Officially named the Republic of Korea, South Korea is strategically located between the world-class importers namely China to its west and another economic powerhouse Japan to South Korea’s east.
South Korea shipped US$605.2 billion worth of products around the globe in 2018. That figure represents roughly 3.4% of overall global exports estimated at $17.546 trillion for 2017.
From a continental perspective, two-thirds (67%) of South Korea’s exports by value were delivered to other Asian countries while 14.9% were sold to North American importers. South Korea shipped another 11.4% worth of goods to Europe. Smaller percentages arrived in Latin America (2.6%) excluding Mexico but including the Caribbean, Oceania (2.3%) led by Australia then Africa (1.7%).
South Korea’s Top Trading Partners
Below is a list showcasing 15 of South Korea’s top trading partners in terms of export sales during 2018. That is, these are countries that imported the most Korean shipments by dollar value. Also shown is each import country’s percentage of total Korean exports.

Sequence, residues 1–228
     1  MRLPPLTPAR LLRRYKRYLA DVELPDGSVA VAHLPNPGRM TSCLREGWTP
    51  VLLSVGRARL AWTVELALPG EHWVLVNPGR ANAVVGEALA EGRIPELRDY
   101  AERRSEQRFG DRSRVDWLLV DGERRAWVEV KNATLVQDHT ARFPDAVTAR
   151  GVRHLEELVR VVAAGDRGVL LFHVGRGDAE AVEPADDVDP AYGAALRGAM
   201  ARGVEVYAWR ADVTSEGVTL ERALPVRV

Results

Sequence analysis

- China: US$162.2 billion (26.8% of total South Korean exports)
- United States: $73.1 billion (12.1%)
- Vietnam: $48.6 billion (8%)
- Hong Kong: $46 billion (7.6%)
- Japan: $30.6 billion (5.1%)
- Taiwan: $20.8 billion (3.4%)
- India: $15.6 billion (2.6%)
- Philippines: $12.1 billion (2%)
- Singapore: $11.9 billion (2%)
- Mexico: $11.5 billion (1.9%)
- Australia: $9.6 billion (1.6%)
- Germany: $9.4 billion (1.5%)
- Malaysia: $9 billion (1.5%)
- Indonesia: $8.9 billion (1.5%)
- Thailand: $8.5 billion (1.4%)
Almost four-fifths (78.9%) of South Korean exports in 2018 were delivered to the above 15 trade partners.
Australia was the only top importers that decreased its purchases from South Korea from 2017 to 2018, down in value by -51.5%. Among the other 14 countries, gains ranged from a minimum of 1.7% versus Singapore up to 39.7% versus Taiwan.
As defined by Investopedia, a country whose total value of all imported goods is higher than its value of all exports is said to have a negative trade balance or deficit.